As soon as I was standing next to the body, I immediately felt quite uncomfortable. It was no longer the judgmental stares of passing cars that bothered me, but the subject I was about to photograph. The body was smaller than I expected it to be (though Steph tells me that what I saw was the normal size for a full-grown coyote), and the skin was bunched in strange places, though the body was not bloated. Flies swarmed over the corpse, and for the two minutes I was photographing it, they seemed to drown out the passing traffic.
What I saw first, though, was its eye. The coyote had been there for at least a couple of days -- perhaps its bloating had come and gone -- but the lens of the visible eye was crusty and popped from the eyelid. It didn't gross me out, or make me feel physically ill; it was disconcerting, and, when matched with those sharp, white teeth, almost scary. The photographs that I chose to use, for the most part, hide the eye, though it can be seen somewhat in this view:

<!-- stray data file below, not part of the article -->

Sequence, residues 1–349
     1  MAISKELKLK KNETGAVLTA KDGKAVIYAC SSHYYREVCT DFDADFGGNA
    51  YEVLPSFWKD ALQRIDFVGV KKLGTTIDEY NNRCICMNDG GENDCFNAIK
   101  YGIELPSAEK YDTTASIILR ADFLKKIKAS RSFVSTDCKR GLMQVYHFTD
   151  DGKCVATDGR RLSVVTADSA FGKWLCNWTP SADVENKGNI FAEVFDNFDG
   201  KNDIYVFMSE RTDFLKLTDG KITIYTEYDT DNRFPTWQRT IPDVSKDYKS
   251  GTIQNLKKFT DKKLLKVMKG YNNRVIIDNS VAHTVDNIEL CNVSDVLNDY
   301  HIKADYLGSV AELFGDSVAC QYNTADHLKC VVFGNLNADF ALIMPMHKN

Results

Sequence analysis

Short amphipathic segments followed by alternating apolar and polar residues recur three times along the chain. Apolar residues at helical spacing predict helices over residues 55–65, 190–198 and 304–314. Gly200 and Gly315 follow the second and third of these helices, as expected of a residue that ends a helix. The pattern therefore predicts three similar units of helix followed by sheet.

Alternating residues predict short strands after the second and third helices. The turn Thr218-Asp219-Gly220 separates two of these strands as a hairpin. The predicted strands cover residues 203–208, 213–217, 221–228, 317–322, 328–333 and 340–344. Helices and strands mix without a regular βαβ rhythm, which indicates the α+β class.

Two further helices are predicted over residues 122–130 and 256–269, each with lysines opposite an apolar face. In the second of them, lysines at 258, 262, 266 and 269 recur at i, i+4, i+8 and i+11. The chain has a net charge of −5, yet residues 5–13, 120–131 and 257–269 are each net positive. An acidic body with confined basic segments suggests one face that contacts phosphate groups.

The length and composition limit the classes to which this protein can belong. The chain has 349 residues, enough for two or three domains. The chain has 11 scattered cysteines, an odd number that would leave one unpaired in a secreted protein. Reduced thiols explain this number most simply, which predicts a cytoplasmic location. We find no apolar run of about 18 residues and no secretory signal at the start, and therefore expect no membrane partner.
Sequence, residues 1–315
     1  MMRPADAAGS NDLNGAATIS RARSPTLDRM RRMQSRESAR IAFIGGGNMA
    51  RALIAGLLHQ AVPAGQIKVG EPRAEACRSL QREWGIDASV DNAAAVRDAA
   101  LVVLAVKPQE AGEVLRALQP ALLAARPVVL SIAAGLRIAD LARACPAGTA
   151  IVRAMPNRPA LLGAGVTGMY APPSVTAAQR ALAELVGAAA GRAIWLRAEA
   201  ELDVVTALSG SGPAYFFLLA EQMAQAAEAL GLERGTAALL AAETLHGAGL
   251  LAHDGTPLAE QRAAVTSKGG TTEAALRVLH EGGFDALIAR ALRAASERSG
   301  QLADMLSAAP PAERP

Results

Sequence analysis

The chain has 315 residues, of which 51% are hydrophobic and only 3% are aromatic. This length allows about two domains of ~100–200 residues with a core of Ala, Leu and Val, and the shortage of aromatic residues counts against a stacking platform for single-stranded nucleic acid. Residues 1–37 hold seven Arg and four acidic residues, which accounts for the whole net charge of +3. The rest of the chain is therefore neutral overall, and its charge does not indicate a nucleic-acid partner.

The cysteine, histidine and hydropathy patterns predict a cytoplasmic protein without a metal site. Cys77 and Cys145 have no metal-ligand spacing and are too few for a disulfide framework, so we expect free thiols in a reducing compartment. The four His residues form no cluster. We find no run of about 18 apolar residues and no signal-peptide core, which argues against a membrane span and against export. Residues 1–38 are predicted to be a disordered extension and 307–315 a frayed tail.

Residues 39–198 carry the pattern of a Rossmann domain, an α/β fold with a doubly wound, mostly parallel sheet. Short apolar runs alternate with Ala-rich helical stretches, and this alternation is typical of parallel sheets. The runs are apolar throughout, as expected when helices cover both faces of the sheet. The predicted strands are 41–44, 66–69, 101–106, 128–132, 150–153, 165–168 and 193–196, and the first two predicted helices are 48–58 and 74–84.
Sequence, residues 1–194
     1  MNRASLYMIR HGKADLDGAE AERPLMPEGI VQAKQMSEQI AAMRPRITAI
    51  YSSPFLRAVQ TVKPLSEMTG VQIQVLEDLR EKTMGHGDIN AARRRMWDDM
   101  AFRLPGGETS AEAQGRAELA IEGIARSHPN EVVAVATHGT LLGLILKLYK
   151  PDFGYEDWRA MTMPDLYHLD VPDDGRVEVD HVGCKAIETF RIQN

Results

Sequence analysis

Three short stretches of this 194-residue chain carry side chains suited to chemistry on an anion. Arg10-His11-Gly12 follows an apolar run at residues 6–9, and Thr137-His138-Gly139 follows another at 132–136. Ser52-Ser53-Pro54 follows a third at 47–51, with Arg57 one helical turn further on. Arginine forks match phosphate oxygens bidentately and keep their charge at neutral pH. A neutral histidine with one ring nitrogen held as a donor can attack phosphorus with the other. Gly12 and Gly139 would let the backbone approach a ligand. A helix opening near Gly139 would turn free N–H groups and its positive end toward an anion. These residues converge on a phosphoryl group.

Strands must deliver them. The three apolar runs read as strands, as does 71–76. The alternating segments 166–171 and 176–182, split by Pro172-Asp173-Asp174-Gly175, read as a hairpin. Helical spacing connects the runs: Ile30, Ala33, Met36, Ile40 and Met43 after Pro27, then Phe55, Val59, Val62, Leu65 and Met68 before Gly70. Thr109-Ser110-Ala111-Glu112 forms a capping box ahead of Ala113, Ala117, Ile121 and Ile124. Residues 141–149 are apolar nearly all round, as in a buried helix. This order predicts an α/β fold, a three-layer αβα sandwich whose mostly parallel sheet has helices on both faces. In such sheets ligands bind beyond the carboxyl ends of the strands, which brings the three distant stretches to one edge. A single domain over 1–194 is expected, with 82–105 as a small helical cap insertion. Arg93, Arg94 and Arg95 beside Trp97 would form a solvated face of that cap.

I refused to get too close to the coyote's body. It didn't have a bad smell (the cooler weather we've had for the past few days probably helped), and though the flies were kind of gross in their abundance (one landed on me at one point), they didn't drive me away, either. It could have been the teeth of the coyote that made me keep my distance.
I think, though, in the end, what kept me from taking my time photographing this animal, and what distressed me so much about it, was that it was a coyote. It was a coyote, so domestic dog-like in appearance and yet, so wild, that was mangled on the side of the road. It was a coyote, so hated by farmers and unjustly feared by hikers, which, in actuality, was so small and defeated and undignified along US41. It was a coyote, an animal I've never seen alive outside of captivity, and have only heard howling on occasion, that was feet away from me, dead.
In this entry I mentioned, briefly, what I imagined my feelings would be like if I were to photograph a coyote that had been hit by a car. It was a sad experience, but it was also disturbing, owing both to the appearance of the animal and the fact that the coyote is so familiar, but, all the same, so wild.